Indigenous communities representing various nationalities marched through the streets of Caracas Thursday to show their support for the government of Nicolas Maduro and the Bolivarian Revolution in Venezuela.
The groups participating in the demonstration were responding to a call made by the Venezuelan government to develop grassroots solutions to the economic crisis the country is currently facing.
teleSUR's correspondent in Caracas, Iain Bruce, said that the leaders he spoke to back the government due to the respect that has always been extended to Indigenous peoples throughout the Bolivarian Revolution, the political project initiated by the late Venezuelan President Hugo Chavez.
“In the past we were always received at the back door, now we're welcomed through the front door,” Noeli Pocaterra, a leader from the Wayuu people, told teleSUR.
Bruce reported that demonstrators felt that based on their traditions, they had unique contributions to make towards addressing the economic crisis.
"As they passed the opposition-controlled National Assembly, the Indigenous groups stopped their march briefly. Among clouds of ritual smoke and chants, they carried out a ceremony of purification at one of the doors to the parliament.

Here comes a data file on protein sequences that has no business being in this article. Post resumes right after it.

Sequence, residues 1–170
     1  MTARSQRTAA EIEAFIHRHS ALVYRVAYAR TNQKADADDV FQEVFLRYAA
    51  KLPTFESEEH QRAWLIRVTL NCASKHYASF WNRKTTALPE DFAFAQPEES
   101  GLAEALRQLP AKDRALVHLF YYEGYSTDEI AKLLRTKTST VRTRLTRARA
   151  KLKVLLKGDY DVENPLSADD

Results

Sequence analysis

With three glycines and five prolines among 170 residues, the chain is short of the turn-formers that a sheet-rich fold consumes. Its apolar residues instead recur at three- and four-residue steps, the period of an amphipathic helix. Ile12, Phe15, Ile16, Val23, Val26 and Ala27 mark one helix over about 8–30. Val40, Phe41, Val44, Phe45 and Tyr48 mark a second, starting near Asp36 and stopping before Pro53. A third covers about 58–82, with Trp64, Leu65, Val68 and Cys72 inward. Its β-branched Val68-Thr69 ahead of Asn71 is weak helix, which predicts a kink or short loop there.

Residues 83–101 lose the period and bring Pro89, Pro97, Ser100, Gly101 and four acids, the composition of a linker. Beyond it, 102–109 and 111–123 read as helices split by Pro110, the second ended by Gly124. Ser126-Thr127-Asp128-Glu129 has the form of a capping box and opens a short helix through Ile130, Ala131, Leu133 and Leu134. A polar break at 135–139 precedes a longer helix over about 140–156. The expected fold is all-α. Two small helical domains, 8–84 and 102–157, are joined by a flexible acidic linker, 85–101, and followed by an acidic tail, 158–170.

"They said the building where the Bolivarian Revolution gave them representation had been profaned by the new right-wing majority," reported teleSUR correspondent Iain Bruce.
Once the march arrived at the presidential palace, leaders turned a document directly over to President Maduro outlining their proposals. According to the Minister for Indigenous Peoples Clara Vidal, the document was a synthesis of proposals made by Indigenous peoples in their territories.
Maduro made a commitment before the crowd to speed-up efforts to hand over land titles to Indigenous communities for their territories. The Venezuelan president also authorized funding for socio-productive projects in Indigenous areas.
The rally condemned the recent efforts by Secretary-General of the Organization of American States Luis Almagro to promote foreign intervention in Venezuela through the use of the Democratic Charter.
Approximately 43 different nationalities from the states of Amazonas, Zulia, Sucre, and Bolivar participated in the demonstration.